John 18:33-37 The Nature of the Kingdom: Theocracy and Truth, Sermon Audio

Sermon Audio at Providence Church, Last Sunday of the Church Year

Date: 11/22/2009
Category: Sermon
Price: FREE

Sermon, Uri Brito, “The Nature of the Kingdom: Theocracy and Truth”, John 18:33-37

Sermon Manuscript & Footnotes

Text: 33 So Pilate entered his headquarters again and called Jesus and said to him, “Are you the King of the Jews?” 34 Jesus answered, “Do you say this of your own accord, or did others say it to you about me?” 35 Pilate answered, “Am I a Jew? Your own nation and the chief priests have delivered you over to me. What have you done?” 36 Jesus answered, “My kingdom is not of this world. If my kingdom were of this world, my servants would have been fighting, that I might not be delivered over to the Jews. But my kingdom is not from the world.” 37 Then Pilate said to him, “So you are a king?” Jesus answered, “You say that I am a king. For this purpose I was born and for this purpose I have come into the world—to bear witness to the truth. Everyone who is of the truth listens to my voice.”

Prayer: Our God, thank you for bringing us to this point in our calendar. We thank you for guiding your Church through it and by so doing, structuring our lives around the life of Christ our Messiah. Teach us about your kingdom and teach us to love your kingdom. For this is our Prayer, O Lord. Amen.

Sermon: People of God, this is the last Sunday of the Church Calendar. Next week we celebrate the first Sunday of Advent. “Advent is marked by a spirit of expectation, of anticipation, of preparation, and longing. There is a yearning for deliverance from the evils of the world, first expressed by Israelite slaves in Egypt as they cried out from their bitter oppression. It is the cry of those who have experienced the tyranny of injustice in a world under the curse of sin, and yet who have hope of deliverance by a God who has heard the cries of oppressed slaves and brought deliverance!”[1]

“It is that hope, however faint at times, and that God, however distant He sometimes seems, which brings to the world the anticipation of a King who will rule with truth and justice and righteousness over His people and in His creation. It is that hope that once anticipated, and now anticipates anew, the reign of an Anointed One, a Messiah, who will bring peace and justice and righteousness to the world.”[2]

This is the Spirit of Advent. So what can your pastor say in this last week before Advent Season? Peace, justice, and righteousness comes through Messiah and Messiah comes with a kingdom that brings peace, justice, and righteousness. This morning our lesson takes us to the nature of that kingdom, more precisely, how we as a Kingdom people must view this Kingdom inaugurated by Christ.

The context is a familiar one. Jesus is on trial before Pilate. The Jews will soon cry out “Crucify Him!” The trial of our Lord in the gospel of John is the longest in the four Gospels.[3] There are legal details in this account, but one can say that this is more like an interview than a trial. There is a sense in which John focuses on Pilate as a psychological portrait. There is a lot of attention given to Pilate in this narrative. Pilate plays a crucial role in redemptive history. The Apostle’s Creed states that Jesus “suffered under Pontius Pilate.”[4] It is through the suffering of Christ under Pilate that Jesus is exalted in his death and resurrection. In other words, “the death that the Jewish hierarchy regarded as a final negation of Jesus’ claims” [5] became the means of his justification.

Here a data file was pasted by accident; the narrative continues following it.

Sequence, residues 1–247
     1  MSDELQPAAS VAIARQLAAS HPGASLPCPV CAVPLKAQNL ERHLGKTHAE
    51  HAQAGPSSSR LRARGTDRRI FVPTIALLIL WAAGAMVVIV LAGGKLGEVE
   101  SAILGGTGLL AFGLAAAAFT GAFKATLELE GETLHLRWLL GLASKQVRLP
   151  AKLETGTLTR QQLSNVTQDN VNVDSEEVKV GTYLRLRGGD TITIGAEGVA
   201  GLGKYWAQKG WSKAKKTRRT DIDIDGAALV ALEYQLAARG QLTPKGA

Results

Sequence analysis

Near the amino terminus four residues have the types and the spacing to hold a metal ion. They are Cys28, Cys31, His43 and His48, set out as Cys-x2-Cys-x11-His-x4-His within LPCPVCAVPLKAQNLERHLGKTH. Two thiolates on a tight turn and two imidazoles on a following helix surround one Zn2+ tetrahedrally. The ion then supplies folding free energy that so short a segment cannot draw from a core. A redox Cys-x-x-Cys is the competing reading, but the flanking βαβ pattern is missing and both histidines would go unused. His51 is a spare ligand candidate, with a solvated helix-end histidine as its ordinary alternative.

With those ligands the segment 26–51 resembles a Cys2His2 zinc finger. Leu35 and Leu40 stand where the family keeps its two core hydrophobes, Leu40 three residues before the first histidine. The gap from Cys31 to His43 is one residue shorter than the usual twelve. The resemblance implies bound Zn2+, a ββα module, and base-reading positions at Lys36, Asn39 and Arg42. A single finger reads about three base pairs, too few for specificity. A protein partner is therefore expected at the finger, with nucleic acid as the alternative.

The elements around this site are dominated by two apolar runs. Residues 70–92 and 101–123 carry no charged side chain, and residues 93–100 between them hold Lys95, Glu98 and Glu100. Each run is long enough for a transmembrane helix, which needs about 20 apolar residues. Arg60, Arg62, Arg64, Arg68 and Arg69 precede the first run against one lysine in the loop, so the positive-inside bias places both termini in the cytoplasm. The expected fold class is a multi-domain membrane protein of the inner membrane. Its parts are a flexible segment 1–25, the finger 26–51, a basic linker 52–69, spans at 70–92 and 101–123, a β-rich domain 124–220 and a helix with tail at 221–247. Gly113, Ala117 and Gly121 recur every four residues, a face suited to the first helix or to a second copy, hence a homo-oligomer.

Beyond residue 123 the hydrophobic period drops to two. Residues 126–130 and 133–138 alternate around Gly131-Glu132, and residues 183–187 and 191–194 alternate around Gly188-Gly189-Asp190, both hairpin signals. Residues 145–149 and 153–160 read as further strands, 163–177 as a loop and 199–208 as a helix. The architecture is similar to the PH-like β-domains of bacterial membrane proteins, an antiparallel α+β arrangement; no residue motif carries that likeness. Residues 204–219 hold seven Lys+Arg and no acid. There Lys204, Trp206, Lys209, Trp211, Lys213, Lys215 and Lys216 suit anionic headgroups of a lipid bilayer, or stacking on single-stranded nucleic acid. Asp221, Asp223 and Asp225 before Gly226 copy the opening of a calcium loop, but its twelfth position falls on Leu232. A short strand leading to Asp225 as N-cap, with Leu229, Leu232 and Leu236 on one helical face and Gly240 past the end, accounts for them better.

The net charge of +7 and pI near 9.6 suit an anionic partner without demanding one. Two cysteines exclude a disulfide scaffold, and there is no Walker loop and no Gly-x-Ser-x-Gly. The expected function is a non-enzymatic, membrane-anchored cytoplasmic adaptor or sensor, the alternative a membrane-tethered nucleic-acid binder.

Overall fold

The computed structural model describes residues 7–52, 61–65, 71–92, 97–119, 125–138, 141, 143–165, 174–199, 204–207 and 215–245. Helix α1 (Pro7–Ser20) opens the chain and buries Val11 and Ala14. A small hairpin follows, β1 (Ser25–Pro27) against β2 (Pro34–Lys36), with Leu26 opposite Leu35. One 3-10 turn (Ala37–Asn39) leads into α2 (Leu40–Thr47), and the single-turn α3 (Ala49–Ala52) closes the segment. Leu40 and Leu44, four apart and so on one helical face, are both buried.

It was precisely the fury of the Jews that puzzled Pilate. This led Pilate to ask his first question in our narrative: Are you the King of the Jews? Is this what you are claiming? This verse can also be translated as an exclamation by Pilate as if he were saying: “You are the King of Jews, are you!” Pilate was probably expecting “a belligerent rebel and met instead the calm majesty of confident superiority.”[6] Jesus in verse 34 probes a bit deeper into the intention of Pilate’s question. Are you seeking this information at your own initiative or does this derive from other sources? Pilate’s answer is one filled with irritation: “I am not a Jew, am I?” The Greek implies that Pilate is seeking a negative answer. He does not want to be associated with the Jews and their quest, but he is deeply interested in “what Jesus had done to arouse their hatred?”[7] Pilate’s questions and inquisitiveness are answered in verses 36-37.

The Nature of the Kingdom: The Other-Worldliness of the Kingdom

Jesus says: “My kingdom is not of this world. If my kingdom were of this world, my servants would have been fighting, that I might not be delivered over to the Jews. But my kingdom is not from the world.”

The first obvious observation about Jesus’ response is that His kingdom is other-worldly. Jesus is posing a sharp contrast between His kingdom and all other kingdoms. In other words, whatever the nature of Christ’s kingdom, it is diametrically opposed to this world’s kingdoms. Jesus is not saying that Pilate should order his kingdom the way He pleases, whereas he would order His kingdom the way He pleases, and never the two shall meet, No, Jesus is saying that the vision of His kingdom is one whose authority comes from the royal kingdom of heaven. Its authority comes from the Father. It is a distinction in a vision of and application of doing government.[8]

Pilate’s kingdom is the kingdom of apostate civil authority. Pilate’s kingdom is in direct contrast to the kingdom Christ is establishing. Pilate’s kingdom is predicated upon the principles of a fallen race, which includes fear, terror, and destruction. The kingdom of Pilate is a kingdom “categorized by a lust for rule and being ruled by lust,”[9] but the kingdom of God “is categorized by love for God and submission to the rule of God.”[10]

The Nature of the Kingdom: In and Over this World

The second observation is that while God’s kingdom is not of this world, that is, it does not receive its authority from the authorities of this world, God’s kingdom operates in and over this world.[11] Even Pilate is dependent on the authority and power of Christ’s kingdom to operate his own kingdom. So, if Pilate is dependent upon the kingdom of God in and over this world, then Pilate’s kingdom cannot be separated from Christ’s kingdom. The Messianic Kingdom encompasses all things in heaven above and earth below.

There are two errors we can make when we look at this passage.[12] The first error is to identify Christ’s kingdom with the affairs of this world. “The other is that of detaching the relevance of Christ’s kingdom for this world.